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Spokane, Washington  Est. May 19, 1883
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News >  Idaho

Crosses set up in tribute to fallen soldiers

Associated Press

BOISE – Scores of volunteers hammered more than 1,850 white wooden crosses into the grass at a city park in Emmett this weekend, a stark visual memorial to America’s military men and women who have sacrificed their lives in Iraq and Afghanistan.

Each cross bears the name of a soldier killed, organizers said. The display will be part of a Memorial Day ceremony at Emmett’s city park on Monday afternoon, about 30 miles northwest of Boise.

More than 70 project volunteers included active and former military members, Boy Scouts, business leaders and plain folks, said lead organizer Jim Olsen, commander of the local American Legion Post 49.

During the construction, a few passers-by have commented both for and against the effort. But the memorial is not intended as a political statement, Olsen said.

“This is strictly to honor the dead – nothing more, nothing less,” Olsen said Saturday.

Volunteer Lou Foruria, a 22-year National Guard veteran, told the Idaho Statesman that he has serious problems with the way the war has been handled by the Bush administration. But he supports the memorial effort, in part, because his son, Tony, is serving in Iraq.

“We know he’s over there in harm’s way and we pray for him every day, and his comrades,” Foruria said, peering across the growing mock graveyard. “It’s hectic because he could be one of these.”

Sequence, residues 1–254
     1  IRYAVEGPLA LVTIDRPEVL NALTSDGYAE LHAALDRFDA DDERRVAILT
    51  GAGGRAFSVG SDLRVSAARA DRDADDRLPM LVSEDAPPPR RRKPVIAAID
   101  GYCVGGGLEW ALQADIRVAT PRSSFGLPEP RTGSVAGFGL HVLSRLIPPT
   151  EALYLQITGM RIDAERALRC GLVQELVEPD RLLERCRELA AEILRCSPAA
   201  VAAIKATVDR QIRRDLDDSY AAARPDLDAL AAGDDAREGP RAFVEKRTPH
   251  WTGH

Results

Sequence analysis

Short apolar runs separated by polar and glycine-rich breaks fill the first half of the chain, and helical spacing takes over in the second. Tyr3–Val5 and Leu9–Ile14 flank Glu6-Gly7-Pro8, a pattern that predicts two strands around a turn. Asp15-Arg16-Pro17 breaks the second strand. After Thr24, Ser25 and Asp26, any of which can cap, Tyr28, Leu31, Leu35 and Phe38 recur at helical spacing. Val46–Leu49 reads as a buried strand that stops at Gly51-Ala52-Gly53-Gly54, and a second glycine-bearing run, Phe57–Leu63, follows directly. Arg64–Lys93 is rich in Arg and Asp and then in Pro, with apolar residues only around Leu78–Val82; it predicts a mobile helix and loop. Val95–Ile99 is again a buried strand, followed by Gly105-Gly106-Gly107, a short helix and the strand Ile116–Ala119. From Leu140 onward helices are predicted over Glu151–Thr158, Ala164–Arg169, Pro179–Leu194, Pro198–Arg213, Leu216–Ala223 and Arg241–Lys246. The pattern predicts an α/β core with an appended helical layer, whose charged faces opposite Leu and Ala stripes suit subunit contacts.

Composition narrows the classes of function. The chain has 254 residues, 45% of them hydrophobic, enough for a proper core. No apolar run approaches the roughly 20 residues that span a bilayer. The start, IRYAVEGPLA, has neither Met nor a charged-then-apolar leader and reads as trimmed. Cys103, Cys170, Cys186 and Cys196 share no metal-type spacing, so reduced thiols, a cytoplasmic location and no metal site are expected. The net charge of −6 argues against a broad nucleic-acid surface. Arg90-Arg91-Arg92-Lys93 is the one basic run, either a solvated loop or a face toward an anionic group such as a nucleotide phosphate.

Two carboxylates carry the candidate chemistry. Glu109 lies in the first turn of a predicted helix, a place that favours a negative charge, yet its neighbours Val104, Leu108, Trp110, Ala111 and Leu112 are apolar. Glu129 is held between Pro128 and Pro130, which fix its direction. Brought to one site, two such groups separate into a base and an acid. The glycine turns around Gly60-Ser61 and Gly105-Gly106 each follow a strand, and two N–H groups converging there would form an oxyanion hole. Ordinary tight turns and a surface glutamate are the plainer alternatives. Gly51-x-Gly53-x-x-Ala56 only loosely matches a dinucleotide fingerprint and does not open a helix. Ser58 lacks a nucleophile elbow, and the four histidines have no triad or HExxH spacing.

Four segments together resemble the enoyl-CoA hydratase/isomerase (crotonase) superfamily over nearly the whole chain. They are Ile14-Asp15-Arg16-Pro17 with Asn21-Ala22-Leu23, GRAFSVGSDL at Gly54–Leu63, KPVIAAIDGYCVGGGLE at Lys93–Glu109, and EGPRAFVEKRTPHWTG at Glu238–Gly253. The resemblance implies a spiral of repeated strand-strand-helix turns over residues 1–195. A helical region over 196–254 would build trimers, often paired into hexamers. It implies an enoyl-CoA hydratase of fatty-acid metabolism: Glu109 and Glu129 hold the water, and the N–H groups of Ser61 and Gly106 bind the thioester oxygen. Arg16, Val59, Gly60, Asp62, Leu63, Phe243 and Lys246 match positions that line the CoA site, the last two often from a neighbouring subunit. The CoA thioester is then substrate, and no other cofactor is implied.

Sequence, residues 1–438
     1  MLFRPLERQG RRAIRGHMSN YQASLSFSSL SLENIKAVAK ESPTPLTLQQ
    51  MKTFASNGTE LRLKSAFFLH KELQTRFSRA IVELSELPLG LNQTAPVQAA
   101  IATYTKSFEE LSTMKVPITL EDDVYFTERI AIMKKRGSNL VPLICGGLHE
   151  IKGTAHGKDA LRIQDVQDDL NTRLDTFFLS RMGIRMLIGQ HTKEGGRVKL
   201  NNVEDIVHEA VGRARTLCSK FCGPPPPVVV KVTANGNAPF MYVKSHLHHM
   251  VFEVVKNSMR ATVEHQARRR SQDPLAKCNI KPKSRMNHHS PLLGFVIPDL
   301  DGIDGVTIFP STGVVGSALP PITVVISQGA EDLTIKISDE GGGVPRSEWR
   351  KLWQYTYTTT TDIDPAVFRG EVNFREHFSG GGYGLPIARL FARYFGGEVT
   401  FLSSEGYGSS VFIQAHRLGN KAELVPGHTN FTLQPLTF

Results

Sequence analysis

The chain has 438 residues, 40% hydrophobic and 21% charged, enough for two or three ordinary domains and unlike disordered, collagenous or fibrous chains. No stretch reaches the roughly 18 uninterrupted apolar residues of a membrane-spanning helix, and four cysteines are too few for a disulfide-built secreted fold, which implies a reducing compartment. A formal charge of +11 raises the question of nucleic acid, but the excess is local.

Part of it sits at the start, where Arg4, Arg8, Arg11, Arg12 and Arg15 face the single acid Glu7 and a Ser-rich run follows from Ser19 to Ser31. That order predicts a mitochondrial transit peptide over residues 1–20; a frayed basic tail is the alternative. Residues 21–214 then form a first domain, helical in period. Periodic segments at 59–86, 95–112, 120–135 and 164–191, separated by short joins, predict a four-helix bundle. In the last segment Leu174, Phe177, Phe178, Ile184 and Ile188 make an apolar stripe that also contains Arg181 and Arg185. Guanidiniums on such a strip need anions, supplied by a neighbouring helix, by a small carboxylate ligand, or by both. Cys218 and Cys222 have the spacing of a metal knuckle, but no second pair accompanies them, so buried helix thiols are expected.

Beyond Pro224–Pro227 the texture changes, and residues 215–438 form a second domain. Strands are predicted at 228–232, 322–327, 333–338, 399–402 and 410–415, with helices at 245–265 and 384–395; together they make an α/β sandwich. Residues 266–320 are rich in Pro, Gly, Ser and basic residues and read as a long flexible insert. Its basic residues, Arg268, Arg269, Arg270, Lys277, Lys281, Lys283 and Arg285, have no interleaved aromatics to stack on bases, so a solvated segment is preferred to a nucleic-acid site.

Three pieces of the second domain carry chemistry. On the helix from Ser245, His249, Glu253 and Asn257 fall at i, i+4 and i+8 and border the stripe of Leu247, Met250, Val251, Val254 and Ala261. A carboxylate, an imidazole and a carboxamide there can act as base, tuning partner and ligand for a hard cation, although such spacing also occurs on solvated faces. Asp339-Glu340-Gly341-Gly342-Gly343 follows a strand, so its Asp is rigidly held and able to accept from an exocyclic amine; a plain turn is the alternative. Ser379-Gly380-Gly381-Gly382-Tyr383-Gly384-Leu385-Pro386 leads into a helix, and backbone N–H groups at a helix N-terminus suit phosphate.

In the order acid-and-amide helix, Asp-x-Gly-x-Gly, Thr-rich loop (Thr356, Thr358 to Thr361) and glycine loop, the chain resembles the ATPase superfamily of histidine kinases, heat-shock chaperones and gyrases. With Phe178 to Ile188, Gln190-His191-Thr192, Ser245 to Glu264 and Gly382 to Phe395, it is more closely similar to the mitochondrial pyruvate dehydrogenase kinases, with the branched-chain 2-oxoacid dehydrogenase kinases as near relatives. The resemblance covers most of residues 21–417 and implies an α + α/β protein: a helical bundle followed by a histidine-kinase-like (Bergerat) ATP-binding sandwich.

Staff Sgt. Thomas Butler, a guardsman with the 116th Brigade Combat Team on leave from a tour in Iraq, also helped pound the crosses into place on a hot Friday afternoon.

Butler said he hopes Emmett residents will come away from the display with a better understanding of the dangers soldiers face as they fight the wars in Iraq and Afghanistan.

“A lot of people think guys are dying over there for no reason. But there’s a lot of good things going on there that the public doesn’t see,” said Butler, a veteran of the Persian Gulf War who signed up for the National Guard after the Sept. 11, 2001, attacks.

Olsen said he did not know how many people would attend the 2 p.m. ceremony. He expects some of the town’s 6,000 residents to show up – those who haven’t headed into the mountains for a cooler holiday weekend.

But plenty of local media coverage could bring out more than Olsen originally expected. The image of all the crosses in perfectly straight lines has a dramatic impact, he said.

“When you see these, you wonder how the lives of the families are affected,” Olsen said. “If you’re not moved by it, you’re a pretty callous person, I suspect.”

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